First, there was New World’s tiny shop, then Countdown’s Disney tiles, and who could forget the Trademe trending SMEG knives which caused a stir for being “too sharp”.
And now Countdown has again entered the collectable arena, with Lego-like brick collectables sure to cause a stir with keen kids and enthusiastic parents.
However there’s a twist, unlike previous versions of miniature collectables, which have been criticised for their use of plastic, the Countdown minis are made out of hard to recycle items like old fridges, goggles and luggage handles.
The plastic from just one used fridge is able to transform into 600 bricks, more than 150,000 sets of old swimming goggles have transformed into windows and doors, and 16,800 plastic handles have been cleverly transformed into the tyres of the mini electric delivery trucks.
The Countdown Bricks launch tomorrow,November 5, online and in-store, and are made from 80 per cent of this hard to recycle recycled plastic.
Shoppers can build their own eco-friendly supermarket, complete with aisles of groceries, supermarket staff, solar panels, produce and even a free fruit bowl for kids.
Sally Copland, Countdown’s director of brand & CountdownX, says sustainability was a non-negotiable in developing this latest collectible range, and part of that commitment was developing something that will be enjoyed for a long time.
“We know our customers love collectibles and we’ve worked hard to create something shareable and fun, that will spark the imagination of little and big kids alike time and time again.”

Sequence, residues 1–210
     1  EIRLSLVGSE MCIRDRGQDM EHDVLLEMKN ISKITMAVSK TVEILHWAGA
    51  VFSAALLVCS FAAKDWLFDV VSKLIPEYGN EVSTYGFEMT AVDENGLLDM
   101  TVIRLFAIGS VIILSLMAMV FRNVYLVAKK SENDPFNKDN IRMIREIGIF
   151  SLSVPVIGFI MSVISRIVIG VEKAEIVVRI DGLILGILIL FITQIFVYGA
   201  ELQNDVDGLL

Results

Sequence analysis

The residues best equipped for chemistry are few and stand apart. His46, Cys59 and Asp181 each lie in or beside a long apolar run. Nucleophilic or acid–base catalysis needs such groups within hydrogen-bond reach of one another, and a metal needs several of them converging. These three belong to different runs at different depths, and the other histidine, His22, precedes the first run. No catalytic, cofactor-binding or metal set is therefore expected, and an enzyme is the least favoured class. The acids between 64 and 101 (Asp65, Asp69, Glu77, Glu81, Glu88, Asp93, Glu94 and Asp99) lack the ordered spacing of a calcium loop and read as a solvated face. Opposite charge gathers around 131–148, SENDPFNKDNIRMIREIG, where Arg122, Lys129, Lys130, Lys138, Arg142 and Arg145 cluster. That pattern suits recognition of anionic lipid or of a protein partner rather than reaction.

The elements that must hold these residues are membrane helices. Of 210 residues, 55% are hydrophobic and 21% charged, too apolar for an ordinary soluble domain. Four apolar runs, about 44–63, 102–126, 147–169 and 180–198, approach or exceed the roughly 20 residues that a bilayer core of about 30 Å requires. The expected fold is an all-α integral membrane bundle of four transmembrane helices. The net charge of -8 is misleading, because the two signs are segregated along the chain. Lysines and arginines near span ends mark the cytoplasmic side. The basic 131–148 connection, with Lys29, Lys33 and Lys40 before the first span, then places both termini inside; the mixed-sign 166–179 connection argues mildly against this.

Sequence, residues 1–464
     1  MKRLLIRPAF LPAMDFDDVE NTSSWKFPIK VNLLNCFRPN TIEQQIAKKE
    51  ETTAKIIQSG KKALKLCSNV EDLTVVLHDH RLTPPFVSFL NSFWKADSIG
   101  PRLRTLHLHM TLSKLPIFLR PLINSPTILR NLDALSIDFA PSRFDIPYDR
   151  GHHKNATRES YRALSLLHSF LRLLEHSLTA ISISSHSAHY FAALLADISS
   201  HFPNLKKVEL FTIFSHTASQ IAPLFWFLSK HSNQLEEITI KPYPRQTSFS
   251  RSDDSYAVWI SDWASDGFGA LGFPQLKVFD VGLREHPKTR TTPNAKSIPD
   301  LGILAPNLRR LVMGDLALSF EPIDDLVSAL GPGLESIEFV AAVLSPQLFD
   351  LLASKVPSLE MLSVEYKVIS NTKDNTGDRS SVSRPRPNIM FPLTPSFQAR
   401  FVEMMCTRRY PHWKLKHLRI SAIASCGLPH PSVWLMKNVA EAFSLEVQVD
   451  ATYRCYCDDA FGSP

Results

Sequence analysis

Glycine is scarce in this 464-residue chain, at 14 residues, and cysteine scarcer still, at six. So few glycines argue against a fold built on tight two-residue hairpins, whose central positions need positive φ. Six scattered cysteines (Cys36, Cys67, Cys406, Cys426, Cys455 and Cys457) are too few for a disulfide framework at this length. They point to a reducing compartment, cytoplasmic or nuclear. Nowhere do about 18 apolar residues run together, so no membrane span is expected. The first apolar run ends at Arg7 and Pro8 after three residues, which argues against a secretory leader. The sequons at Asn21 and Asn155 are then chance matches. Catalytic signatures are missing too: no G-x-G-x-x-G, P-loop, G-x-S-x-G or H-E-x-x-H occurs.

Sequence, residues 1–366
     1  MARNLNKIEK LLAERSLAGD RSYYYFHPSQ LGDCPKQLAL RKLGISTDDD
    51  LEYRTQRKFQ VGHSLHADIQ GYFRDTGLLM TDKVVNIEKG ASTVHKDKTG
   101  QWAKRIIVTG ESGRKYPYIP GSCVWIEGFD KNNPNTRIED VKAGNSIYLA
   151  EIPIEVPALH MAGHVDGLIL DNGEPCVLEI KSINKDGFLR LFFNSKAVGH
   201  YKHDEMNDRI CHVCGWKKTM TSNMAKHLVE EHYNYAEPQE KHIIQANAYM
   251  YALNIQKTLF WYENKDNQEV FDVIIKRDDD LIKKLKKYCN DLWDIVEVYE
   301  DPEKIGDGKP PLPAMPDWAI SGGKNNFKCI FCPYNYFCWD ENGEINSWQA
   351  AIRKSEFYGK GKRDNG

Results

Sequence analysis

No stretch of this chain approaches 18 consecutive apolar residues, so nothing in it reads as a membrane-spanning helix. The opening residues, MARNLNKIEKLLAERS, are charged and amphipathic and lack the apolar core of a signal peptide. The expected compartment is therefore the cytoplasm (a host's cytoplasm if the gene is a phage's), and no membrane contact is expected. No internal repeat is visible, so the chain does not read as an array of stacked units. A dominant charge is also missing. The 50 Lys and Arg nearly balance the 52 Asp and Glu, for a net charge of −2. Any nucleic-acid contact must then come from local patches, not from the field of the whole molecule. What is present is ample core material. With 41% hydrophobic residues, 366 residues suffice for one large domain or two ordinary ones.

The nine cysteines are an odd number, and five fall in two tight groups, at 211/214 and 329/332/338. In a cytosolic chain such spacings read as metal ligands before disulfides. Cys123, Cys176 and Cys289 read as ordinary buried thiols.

And it’s not just about those little collectables, which spark Buy, Swap and Sell pages on Facebook and flood the likes of Trademe, according to leading clinical psychologist, Dr Dougal Sutherland from Victoria University, this style of play is crucial to kids during periods of lockdown.
“Play often involves interacting with other children, finding meaning by connecting a new activity to something a child already knows, experimenting with new things, and doing things over and over again – Covid lockdowns have clearly reduced children’s opportunities to play.
“While at its heart play is about being joyful and having fun, for children it’s much more than this. When playing, they learn how to connect with others, how to solve problems, to express emotions, to think and to safely practise doing new things before they try them in real life,” he says.
For those wanting to get their hands on the latest mini supermarket offering, customers will receive one pack for every whole $30 they spend, with 40 unique Brick Packs to collect until December 19, or while stocks last and then the online bartering begins.
Those keen to expand their play, extras including Starter Kits, electric vehicles, playmats and additional figurines are also available to buy.
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